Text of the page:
And as a result of what Christ accomplished on the cross, in the Book of Revelation we have a glorious picture of what the world will one day be like.
“Then I saw “a new heaven and a new earth,” for the first heaven and the first earth had passed away… And I heard a loud voice from the throne saying, “Look! God’s dwelling place is now among the people, and he will dwell with them. They will be his people, and God himself will be with them and be their God. ‘He will wipe every tear from their eyes. There will be no more death’ or mourning or crying or pain, for the old order of things has passed away.” (Revelation 21:1-4)
God is purposefully delaying that time so that people have an opportunity to turn back to him and receive his forgiveness through Jesus’ death in our place. God is demonstrating his patience and love in delaying that great moment because he does not want anyone to experience the suffering of being separated from him for ever.
4. God Fulfils His Purposes in Suffering
4.1 Suffering Helps us Repent
“Meanwhile, Saul was still breathing out murderous threats against the Lord’s disciples. He went to the high priest and asked him for letters to the synagogues in Damascus, so that if he found any there who belonged to the Way, whether men or women, he might take them as prisoners to Jerusalem. As he neared Damascus on his journey, suddenly a light from heaven flashed around him. He fell to the ground and heard a voice say to him, “Saul, Saul, why do you persecute me?” “Who are you, Lord?” Saul asked. “I am Jesus, whom you are persecuting,” he replied. “Now get up and go into the city, and you will be told what you must do.” (Acts 9:1-6)
‘We can rest contentedly in our sins and in our stupidities. But pain insists upon being attended to. God whispers to us in our pleasures, speaks to us in our conscience, but shouts in our pains” (C. S. Lewis, The Problem of Pain)
4.2 Suffering Helps us Empathise
“Praise be to the God and Father of our Lord Jesus Christ, the Father of compassion and the God of all comfort, who comforts us in all our troubles, so that we can comfort those in any trouble with the comfort we ourselves receive from God. For just as we share abundantly in the sufferings of Christ, so also our comfort abounds through Christ.” (2 Corinthians 1:3-5)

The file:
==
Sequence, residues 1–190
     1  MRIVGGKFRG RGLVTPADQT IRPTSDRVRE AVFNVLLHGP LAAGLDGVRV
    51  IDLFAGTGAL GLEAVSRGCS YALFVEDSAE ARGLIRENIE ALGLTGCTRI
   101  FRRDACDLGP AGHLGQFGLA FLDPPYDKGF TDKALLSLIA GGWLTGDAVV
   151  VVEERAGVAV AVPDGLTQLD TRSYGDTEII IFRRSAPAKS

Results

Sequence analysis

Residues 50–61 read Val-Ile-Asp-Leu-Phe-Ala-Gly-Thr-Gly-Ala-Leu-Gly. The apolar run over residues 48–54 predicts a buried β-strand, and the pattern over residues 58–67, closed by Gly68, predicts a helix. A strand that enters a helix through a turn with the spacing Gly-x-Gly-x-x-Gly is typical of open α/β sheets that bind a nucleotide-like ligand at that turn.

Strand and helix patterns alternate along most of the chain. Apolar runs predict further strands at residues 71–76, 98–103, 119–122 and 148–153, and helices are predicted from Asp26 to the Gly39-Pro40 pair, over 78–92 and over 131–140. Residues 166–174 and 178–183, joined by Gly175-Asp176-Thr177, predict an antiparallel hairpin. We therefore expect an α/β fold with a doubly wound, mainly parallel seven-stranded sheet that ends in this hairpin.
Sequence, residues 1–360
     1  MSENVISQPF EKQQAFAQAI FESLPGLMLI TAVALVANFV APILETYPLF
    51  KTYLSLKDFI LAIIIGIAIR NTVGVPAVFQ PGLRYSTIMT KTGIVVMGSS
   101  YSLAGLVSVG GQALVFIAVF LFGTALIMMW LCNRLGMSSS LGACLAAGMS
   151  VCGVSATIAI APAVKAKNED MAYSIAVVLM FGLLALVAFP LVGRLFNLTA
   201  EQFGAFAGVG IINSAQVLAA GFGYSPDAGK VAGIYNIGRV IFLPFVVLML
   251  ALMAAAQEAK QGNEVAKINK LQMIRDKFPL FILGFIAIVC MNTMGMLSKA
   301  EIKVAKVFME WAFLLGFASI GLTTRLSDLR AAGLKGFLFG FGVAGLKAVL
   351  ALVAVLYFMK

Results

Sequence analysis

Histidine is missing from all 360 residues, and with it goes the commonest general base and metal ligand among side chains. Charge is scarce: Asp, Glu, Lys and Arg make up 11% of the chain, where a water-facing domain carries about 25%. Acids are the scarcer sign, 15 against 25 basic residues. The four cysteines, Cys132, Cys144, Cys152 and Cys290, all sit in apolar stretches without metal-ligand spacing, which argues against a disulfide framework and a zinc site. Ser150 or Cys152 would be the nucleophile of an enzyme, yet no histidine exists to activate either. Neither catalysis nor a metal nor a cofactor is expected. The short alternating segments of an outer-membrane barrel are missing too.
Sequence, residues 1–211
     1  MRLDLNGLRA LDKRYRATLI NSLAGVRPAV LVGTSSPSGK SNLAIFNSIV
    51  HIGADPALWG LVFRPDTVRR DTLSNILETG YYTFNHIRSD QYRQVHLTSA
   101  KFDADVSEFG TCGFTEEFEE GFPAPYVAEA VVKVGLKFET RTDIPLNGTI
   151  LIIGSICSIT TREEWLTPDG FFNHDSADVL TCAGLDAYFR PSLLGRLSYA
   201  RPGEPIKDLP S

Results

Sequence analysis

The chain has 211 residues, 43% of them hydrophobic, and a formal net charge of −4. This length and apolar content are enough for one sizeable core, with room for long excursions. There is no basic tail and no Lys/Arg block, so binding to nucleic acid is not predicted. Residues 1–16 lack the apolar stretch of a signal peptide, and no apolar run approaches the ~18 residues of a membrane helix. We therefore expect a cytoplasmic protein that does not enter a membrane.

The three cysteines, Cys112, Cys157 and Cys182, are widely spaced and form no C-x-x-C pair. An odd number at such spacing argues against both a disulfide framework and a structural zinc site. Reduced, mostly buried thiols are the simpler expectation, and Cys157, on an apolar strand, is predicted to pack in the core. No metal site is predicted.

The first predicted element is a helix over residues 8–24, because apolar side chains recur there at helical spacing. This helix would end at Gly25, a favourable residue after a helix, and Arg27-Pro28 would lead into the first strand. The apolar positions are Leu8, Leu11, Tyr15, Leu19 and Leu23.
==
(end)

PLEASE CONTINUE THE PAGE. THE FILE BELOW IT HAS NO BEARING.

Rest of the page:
“If one part suffers, every part suffers with it; if one part is honoured, every part rejoices with it. Now you are the body of Christ, and each one of you is a part of it.” (1 Corinthians 12:26-27)
4.3 Suffering Help us Mature
Here are some bible readings for reflection and meditation:
“Not only so, but we also glory in our sufferings, because we know that suffering produces perseverance; perseverance, character; and character, hope. And hope does not put us to shame, because God’s love has been poured out into our hearts through the Holy Spirit, who has been given to us.” (Romans 5:3-5)
“there was given me a thorn in my flesh, a messenger of Satan, to torment me. Three times I pleaded with the Lord to take it away from me. But he said to me, `My grace is sufficient for you, my power is made perfect in weakness.’ Therefore I will boast all the more gladly about my weaknesses, so that Christ’s power may rest on me. That is why, for Christ’s sake, I delight in weaknesses, in insults, in hardships, in persecutions, in difficulties. For when I am weak, then I am strong.” (2 Corinthians 12:7-10).
“…we do not lose heart. Though outwardly we are wasting away, yet inwardly we are being renewed day by day. For our light and momentary troubles are achieving for us an eternal glory that far outweighs them all. So we fix our eyes not on what is seen, but on what is unseen. For what is seen is temporary, but what is unseen is eternal (2 Corinthians 4:16-18).
“I want to know Christ and the power of his resurrection and the fellowship of sharing in his sufferings, becoming like him in his death, and so, somehow, to attain to the resurrection from the dead.” (Philippians 3:10-11).
“Endure hardship as discipline; God is treating you as his children. For what children are not disciplined by their father? If you are not disciplined—and everyone undergoes discipline—then you are not legitimate, not true sons and daughters at all….. No discipline seems pleasant at the time, but painful. Later on, however, it produces a harvest of righteousness and peace for those who have been trained by it.” (Hebrews 12:7-11)
“Consider it pure joy … whenever you face trials of many kinds, because you know that the testing of your faith develops perseverance. Perseverance must finish its work so that you may be mature and complete, not lacking anything.” (James 1:2-4)
C.S. Lewis concludes: ‘my conviction is that when pain is to be borne, a little courage helps more than much knowledge, a little human sympathy more than much courage, and the least tincture of the love of God more than all.’ (C.S. Lewis, The Problem of Pain, Preface)
C. S. Lewis: The Problem of Pain
Peter Hicks: What Could I Say?
Nicky Gumbel: Searching Issues
John Wenham: The Enigma of Evil